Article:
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Friday, November 30, 2012

Concert Review: New Sounds from the Old School

Steven Stucky's Symphony has its New York premiere.
by Paul J. Pelkonen
The composer Steven Stucky. His new Symphony had its New York premiere last night. 
Photo by Nicola Kountopes© 2005 Cornell University/University Photography.
Yesterday, the New York Philharmonic announced a two-year plan, (starting in 2017) to renovate Avery Fisher Hall, rebuilding the venue's auditorium while leaving the fa├žade intact. That news (see, I got it in!) threatened to overshadow the fact that last night marked the first New York performance of Steven Stucky's Symphony, a work co-commissioned by the New York and Los Angeles Philharmonics.

Although it bears no number, this is technically Mr. Stucky's fifth--with the earlier works written in his twenties and currently withdrawn from publication. He requires a large orchestra to produce conventional, tonal sounds. Symphony is twenty minutes, consisting of four continuous movements. The sections have cool English titles instead of traditional movement names.

Introduction and Hymn featured impressive playing from the Philharmonic wind soloists, as their single melodic lines coalesced to form paragraphs of musical thought, answered by soft, solemn brass chords from the horns and trombones. Alan Gilbert let the theme develop, his extravagent gestures creating an arch of sound that would do a late Romantic proud.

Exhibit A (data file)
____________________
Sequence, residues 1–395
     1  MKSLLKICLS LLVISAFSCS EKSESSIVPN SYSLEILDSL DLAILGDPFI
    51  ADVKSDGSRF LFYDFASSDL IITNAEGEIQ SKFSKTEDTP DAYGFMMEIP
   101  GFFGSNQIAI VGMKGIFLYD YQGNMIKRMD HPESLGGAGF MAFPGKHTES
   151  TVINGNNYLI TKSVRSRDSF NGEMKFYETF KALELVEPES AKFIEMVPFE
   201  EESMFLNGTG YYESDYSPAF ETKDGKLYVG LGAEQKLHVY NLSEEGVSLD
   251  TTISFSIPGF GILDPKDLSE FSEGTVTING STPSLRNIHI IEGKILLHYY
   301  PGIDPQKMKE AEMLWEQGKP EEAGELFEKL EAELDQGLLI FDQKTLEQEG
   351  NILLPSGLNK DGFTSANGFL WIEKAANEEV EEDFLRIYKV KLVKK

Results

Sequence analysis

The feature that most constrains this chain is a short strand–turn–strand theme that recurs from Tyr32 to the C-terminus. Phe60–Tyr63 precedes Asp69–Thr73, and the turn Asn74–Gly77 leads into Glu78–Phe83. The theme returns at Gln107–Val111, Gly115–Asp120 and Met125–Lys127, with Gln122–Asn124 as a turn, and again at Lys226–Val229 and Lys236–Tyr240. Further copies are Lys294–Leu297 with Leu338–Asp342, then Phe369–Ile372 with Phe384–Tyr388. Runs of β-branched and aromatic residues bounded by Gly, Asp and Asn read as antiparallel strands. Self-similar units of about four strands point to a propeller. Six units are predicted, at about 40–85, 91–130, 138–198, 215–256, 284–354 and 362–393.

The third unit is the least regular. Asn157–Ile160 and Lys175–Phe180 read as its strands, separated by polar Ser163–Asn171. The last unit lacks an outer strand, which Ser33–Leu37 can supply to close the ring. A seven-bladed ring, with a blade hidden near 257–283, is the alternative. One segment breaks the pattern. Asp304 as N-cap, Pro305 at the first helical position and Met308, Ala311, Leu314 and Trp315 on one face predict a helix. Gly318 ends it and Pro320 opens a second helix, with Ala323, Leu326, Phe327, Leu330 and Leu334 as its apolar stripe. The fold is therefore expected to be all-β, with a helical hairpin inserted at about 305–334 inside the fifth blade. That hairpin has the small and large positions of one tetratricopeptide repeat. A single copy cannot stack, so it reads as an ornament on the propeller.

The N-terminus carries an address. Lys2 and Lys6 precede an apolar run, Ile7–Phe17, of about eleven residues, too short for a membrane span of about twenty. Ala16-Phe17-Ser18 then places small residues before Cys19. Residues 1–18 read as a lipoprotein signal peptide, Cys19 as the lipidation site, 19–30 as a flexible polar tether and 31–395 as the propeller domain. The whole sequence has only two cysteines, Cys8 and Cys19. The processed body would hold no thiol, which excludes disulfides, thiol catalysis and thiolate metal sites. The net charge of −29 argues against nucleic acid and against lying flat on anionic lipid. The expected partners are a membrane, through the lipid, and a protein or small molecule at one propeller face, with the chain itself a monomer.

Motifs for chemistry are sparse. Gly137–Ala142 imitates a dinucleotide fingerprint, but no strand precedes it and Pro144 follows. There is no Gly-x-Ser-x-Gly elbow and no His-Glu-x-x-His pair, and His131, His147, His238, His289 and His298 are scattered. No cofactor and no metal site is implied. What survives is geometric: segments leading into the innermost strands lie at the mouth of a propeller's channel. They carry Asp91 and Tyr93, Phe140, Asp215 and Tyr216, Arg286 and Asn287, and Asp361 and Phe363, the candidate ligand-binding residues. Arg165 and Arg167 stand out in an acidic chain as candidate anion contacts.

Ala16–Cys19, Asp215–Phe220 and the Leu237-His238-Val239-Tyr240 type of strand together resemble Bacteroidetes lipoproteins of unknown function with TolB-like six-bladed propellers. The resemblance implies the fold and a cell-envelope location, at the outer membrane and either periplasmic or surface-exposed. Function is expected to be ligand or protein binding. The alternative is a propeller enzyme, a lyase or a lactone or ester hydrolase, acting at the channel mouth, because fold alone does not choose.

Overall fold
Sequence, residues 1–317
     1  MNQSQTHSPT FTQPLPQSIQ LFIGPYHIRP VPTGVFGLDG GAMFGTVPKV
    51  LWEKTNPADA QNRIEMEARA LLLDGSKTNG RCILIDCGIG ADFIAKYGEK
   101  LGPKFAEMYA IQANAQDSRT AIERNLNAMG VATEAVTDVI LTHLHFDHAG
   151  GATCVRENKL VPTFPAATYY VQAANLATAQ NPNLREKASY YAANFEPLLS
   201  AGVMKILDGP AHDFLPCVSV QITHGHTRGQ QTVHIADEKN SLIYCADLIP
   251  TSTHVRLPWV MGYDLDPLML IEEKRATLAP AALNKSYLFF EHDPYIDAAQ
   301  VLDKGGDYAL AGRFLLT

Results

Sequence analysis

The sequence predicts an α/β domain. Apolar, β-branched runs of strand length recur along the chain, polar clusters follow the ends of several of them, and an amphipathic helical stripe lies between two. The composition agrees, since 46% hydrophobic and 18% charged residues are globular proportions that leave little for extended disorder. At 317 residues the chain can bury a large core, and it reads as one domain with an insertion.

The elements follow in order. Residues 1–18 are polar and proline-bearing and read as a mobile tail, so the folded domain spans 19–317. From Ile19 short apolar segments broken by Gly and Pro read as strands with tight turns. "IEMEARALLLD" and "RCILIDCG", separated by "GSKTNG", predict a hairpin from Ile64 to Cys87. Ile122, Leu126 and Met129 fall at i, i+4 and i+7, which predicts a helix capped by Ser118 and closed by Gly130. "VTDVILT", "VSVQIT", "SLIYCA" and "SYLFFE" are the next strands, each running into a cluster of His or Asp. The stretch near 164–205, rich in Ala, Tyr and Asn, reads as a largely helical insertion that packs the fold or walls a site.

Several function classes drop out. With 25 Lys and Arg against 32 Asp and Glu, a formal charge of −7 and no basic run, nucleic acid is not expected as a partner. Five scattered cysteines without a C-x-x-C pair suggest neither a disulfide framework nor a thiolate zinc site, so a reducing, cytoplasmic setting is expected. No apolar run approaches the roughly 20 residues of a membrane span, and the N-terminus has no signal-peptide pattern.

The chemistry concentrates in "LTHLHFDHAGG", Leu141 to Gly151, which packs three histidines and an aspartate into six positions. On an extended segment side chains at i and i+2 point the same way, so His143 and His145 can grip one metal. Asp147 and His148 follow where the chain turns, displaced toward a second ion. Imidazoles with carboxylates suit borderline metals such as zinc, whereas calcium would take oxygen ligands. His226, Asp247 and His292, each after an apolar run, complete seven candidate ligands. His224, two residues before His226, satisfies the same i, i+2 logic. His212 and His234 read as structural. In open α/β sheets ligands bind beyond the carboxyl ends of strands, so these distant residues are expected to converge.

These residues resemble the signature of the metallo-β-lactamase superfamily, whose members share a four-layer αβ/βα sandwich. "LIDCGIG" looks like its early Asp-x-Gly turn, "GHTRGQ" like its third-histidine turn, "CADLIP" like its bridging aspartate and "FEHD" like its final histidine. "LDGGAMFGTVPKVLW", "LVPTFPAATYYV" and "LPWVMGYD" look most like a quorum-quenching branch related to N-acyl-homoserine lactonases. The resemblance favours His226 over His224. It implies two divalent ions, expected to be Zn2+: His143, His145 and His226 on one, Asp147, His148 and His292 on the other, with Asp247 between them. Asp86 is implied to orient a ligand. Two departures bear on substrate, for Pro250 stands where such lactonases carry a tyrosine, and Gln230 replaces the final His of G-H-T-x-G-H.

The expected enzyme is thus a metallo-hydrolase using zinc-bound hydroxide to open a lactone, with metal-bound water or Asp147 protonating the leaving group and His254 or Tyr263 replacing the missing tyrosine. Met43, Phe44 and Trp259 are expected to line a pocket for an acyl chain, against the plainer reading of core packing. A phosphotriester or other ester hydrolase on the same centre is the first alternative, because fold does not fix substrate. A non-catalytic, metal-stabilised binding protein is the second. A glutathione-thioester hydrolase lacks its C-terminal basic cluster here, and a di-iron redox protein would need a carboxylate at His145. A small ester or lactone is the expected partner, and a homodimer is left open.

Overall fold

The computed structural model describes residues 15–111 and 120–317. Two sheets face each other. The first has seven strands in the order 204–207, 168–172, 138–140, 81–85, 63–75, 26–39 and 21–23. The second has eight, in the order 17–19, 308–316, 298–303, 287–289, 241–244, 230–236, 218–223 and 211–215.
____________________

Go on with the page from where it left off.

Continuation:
Then came the Outcry, a falling, two-note motif that developed into a shriek of terror, a crisis for the development of the central musical idea. That was swiftly followed by Flight, a shimmering magic carpet ride with elaborate wind writing and melodic support from the piano and celesta.

The last section, Hymn and Reconciliation wrapped up all the previous musical ideas (as a proper symphony usually does) into a tidy musical package with those brass chords, now resounded on and agreed with by the entire orchestra. The value of this new work is its beauty and yes, its proud conservatism. Hopefully, Symphony can serve as an ambassador of modern music, showing audiences that they do not need to be terrified of works written in this century.

The rest of the program focused on pieces written in 1940. Samuel Barber's Violin Concerto is known for the virtuosity of its solo writing and orchestration.  Gil Shaham made the three movements look easy, with a rich, singing tone that encompassed the high and low ends of his instrument. The soloist was enthusiastically accompanied by Mr. Gilbert and the orchestra, who seemed to relish the complexity of Barber's rhythms, particularly in the pell-mell finale.

Rachmaninoff's Symphonic Dances are not a proper symphony: but three movements that could function as sections of an invisible ballet. The Philharmonic provided these unseen dancers with rich, dark tone. They reveled in the thick orchestral textures and brief opportunties for display, starting with the first Dance's multiple meters and complex step.

The second was a slow waltz with a mournful monologue for that odd orchestral instrument, the saxophone. The final Dies Irae featured Rachmaninoff quoting himself--specifically the Vespers and the First Symphony, ending his compositional career with an evocation of Russian church music.

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Critical Thinking in the Cheap Seats

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Since 2007, Superconductor has grown from an occasional concert or CD review to a near-daily publication covering classical music, opera and the arts in and around NYC, with excursions to Boston, Philadelphia, and upstate NY. I am a freelance writer living and working in Brooklyn NY. And no, I'm not a conductor.